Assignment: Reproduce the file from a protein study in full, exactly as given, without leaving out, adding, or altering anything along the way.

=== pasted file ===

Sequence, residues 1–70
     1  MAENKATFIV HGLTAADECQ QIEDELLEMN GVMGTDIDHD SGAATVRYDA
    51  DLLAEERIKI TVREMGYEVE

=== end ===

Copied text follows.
Sequence, residues 1–70
     1  MAENKATFIV HGLTAADECQ QIEDELLEMN GVMGTDIDHD SGAATVRYDA
    51  DLLAEERIKI TVREMGYEVE